Waseda Frontline Research Vol. 21: How should healthcare resources be used? A challenge of health economics (Part 1 of 2)

Waseda Frontline Research Vol. 21: How should healthcare resources be used? A challenge of health economics (Part 1 of 2)

Wed, Nov 21, 2018
Waseda Frontline Research Vol. 21: How should healthcare resources be used? A challenge of health economics (Part 1 of 2)

Professor Haruko Noguchi, Faculty of Political Science and Economics
Health Economist

Part 1: The causal relation between social networks and health

Economics seeks ways to effectively use limited resources in the society. “Health economics” is an applied field of economics, which analyzes what is involved in people’s life and health. This field often has a great influence on society, in a way that scientific evidence from studies of health economic reflects to healthcare system and policies which could drastically change quality of life and access to medical care. Professor Haruko Noguchi of the Faculty of Political Science and Economics, applies econometrics to various datasets and conducts empirical analyses on healthcare system and health outcomes of people. Lately, she has also been trying to figure out socio-political procedure how the results from empirical studies could be implemented into healthcare systems and policies in the real world. This special feature will be divided into two sections and will cover practical examples of analysis by the context of health economics, aspirations for research, and how to implement evidence-based policy making to the real healthcare policies. (Date of interview: July 17, 2018)

Health Economics as a New Discipline

Professor Noguchi discussing more about her research

“Health economics,” my field of specialization, began developing in the second half of the 20th century, dealing with healthcare and health within the framework of economics. Economics itself dates back to Adam Smith in the 18th century, which makes health economics a relatively new area. One reason behind the development of health economics was the social issue on “how healthcare resources should be used.” In developed countries and regions like Japan, healthcare is covered by taxes and social insurance premiums. While these financial resources in public sector are limited, innovations in drugs and medical technologies are progressing exponentially. One recent example is the development of Opdivo, an immunotherapy for cancer, which was initiated by Professor Tasuku Honjo, whose research results earned him a Nobel Prize in Physiology or Medicine. However, with such innovations comes an increase in healthcare expenses. Therefore, starting with the United States, the issue of how to provide healthcare more efficiently brought about the development of health economics.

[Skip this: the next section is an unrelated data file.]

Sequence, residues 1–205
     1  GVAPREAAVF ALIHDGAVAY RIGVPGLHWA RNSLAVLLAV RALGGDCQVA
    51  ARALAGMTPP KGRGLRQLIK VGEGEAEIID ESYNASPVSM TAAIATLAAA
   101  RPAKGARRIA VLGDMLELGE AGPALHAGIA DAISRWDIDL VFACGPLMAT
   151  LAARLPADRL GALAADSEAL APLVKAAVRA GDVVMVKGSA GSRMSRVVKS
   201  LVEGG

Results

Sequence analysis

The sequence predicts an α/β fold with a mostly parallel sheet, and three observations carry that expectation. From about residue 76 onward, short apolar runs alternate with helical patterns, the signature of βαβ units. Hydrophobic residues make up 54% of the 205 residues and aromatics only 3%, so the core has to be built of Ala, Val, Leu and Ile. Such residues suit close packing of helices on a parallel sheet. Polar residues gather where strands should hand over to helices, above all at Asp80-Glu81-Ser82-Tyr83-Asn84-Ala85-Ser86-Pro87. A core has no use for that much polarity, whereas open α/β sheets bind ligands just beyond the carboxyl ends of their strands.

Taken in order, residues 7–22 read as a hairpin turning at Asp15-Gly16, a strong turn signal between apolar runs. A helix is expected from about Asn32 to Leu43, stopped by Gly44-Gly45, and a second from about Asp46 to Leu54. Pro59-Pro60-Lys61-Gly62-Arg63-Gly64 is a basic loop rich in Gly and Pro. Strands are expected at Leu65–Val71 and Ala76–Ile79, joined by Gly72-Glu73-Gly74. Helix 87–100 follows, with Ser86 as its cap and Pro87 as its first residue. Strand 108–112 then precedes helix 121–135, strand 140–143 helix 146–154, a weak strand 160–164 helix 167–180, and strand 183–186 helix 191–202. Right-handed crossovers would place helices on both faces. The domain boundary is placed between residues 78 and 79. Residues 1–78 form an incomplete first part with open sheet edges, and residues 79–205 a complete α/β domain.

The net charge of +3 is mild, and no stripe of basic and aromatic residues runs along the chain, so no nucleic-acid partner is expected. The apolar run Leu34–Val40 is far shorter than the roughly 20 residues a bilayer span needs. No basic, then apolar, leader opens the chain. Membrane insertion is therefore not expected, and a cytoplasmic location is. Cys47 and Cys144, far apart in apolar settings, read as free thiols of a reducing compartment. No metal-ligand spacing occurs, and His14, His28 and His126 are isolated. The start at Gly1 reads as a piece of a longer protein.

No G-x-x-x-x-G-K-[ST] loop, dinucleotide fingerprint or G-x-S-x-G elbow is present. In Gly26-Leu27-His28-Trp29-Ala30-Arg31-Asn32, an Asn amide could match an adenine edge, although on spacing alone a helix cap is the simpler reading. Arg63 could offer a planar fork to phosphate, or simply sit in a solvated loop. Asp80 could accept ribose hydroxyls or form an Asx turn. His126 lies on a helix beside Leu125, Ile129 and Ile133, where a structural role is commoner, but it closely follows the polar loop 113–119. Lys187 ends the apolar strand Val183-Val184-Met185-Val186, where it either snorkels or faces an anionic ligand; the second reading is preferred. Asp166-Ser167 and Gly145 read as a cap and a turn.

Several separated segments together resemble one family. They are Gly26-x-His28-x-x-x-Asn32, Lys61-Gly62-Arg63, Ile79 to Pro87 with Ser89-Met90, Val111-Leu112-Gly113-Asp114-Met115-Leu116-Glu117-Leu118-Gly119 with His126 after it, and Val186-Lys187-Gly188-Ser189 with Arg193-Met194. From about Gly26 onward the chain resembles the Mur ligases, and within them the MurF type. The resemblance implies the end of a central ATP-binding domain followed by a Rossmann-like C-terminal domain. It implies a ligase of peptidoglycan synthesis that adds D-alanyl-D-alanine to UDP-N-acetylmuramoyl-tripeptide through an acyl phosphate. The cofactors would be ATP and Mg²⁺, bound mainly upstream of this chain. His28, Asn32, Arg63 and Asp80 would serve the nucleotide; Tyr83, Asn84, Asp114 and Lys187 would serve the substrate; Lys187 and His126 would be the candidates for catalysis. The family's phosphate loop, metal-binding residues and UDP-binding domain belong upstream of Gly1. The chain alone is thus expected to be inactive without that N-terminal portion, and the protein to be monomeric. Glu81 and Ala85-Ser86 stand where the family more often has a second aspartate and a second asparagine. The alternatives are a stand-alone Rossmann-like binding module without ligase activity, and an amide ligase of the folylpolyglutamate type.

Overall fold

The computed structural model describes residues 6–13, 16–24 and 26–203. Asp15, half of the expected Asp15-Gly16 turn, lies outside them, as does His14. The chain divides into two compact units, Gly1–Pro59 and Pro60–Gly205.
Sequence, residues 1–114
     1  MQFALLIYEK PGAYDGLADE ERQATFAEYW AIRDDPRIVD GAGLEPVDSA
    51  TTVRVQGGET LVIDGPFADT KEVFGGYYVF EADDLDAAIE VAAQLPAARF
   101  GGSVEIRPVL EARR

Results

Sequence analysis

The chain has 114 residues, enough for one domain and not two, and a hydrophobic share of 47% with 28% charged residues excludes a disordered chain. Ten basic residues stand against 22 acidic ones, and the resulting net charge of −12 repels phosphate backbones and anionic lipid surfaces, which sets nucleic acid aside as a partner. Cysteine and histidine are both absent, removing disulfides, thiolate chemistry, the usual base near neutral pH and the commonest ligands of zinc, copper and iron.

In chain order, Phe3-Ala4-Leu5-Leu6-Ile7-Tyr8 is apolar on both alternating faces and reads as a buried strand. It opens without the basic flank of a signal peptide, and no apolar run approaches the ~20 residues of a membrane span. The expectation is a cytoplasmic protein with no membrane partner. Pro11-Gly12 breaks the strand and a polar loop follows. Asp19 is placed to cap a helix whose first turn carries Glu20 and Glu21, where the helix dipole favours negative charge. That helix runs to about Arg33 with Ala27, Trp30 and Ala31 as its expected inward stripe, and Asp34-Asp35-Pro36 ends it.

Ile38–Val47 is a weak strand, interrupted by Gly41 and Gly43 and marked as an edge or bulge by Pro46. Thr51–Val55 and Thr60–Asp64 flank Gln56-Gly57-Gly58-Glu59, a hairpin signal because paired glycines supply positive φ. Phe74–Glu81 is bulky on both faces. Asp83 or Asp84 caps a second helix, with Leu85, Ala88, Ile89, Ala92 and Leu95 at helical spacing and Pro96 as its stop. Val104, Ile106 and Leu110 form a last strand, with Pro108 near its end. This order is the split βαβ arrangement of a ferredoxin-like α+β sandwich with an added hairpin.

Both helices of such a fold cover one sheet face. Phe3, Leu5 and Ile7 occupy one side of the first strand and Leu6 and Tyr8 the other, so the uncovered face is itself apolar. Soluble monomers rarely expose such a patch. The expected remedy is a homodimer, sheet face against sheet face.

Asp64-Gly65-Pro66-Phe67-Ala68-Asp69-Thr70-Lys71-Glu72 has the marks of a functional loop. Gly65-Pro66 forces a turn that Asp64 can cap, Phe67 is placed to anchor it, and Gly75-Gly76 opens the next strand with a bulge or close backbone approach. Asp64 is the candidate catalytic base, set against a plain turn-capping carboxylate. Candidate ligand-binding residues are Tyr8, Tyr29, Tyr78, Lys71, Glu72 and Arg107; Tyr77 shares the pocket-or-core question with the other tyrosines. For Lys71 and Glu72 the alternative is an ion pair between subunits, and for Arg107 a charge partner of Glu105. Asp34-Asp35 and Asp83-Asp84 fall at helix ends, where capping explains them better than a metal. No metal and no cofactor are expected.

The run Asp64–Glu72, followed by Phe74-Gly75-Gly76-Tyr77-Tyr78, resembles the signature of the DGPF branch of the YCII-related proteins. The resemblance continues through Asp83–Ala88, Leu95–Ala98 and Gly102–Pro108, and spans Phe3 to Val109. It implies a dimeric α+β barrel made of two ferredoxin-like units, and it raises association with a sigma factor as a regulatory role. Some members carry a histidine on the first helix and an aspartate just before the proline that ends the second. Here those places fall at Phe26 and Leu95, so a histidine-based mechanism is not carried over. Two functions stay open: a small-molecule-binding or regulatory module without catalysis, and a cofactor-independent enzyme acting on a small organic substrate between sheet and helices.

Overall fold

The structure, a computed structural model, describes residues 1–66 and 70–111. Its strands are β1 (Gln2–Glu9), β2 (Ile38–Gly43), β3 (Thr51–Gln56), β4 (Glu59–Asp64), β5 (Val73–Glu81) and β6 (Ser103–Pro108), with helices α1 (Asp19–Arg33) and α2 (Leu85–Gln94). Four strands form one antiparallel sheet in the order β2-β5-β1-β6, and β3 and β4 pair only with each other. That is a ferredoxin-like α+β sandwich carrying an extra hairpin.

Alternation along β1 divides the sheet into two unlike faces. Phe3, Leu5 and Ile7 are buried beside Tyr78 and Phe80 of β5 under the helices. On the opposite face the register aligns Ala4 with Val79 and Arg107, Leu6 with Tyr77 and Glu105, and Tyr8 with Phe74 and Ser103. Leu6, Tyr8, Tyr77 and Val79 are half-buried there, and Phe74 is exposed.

Health economics can be said to have developed from “human capital theory.” Human capital theory captures human educational attainments and skills as “capital”, which can be accumulated and then contributes to create in the labor market. It is well-known as one of the accomplishments of American economist Gary Becker. Originally, human capital theory was the major theory of labor economics. This was until Professor Michael Grossman, a PhD student of Professor Becker, introduced the concept of “health” as one of the elements of human capital. As a result, the relation between people’s health and economic activities become more widely recognized. The paper entitled “On the Concept of Health Capital and the Demand for Health” published by Professor Grossman in 1972 had a big impact on health economics and is now known as the “Grossman Theory.” In this way, health economics has been developing around the central issues concerning “how public resources can be efficiently applied to healthcare” and “how the relation between ‘health as human capital’ and ‘socio-economic factors (SES) such as wages and poverty’ can be understood.”

Table: The concept of health capital as shown by Professor Michael Grossman. It says that the accumulation of health capital brings about a virtuous cycle in terms of work

Causal relation with social networks and health

In order to share the kind of research conducted in health economics, I will be introducing “social networks and health,” conducted by our research team, as one example. We are all “connected” to many other people. First, we have relation with our own family, and if we extend that circle out a little further, we have relation with friends. We also have connections with people in our community, colleagues at work, and if we look even further, connections with people beyond the region and country. Let’s call these connections between individuals in a wide range of various social groups “social networks.”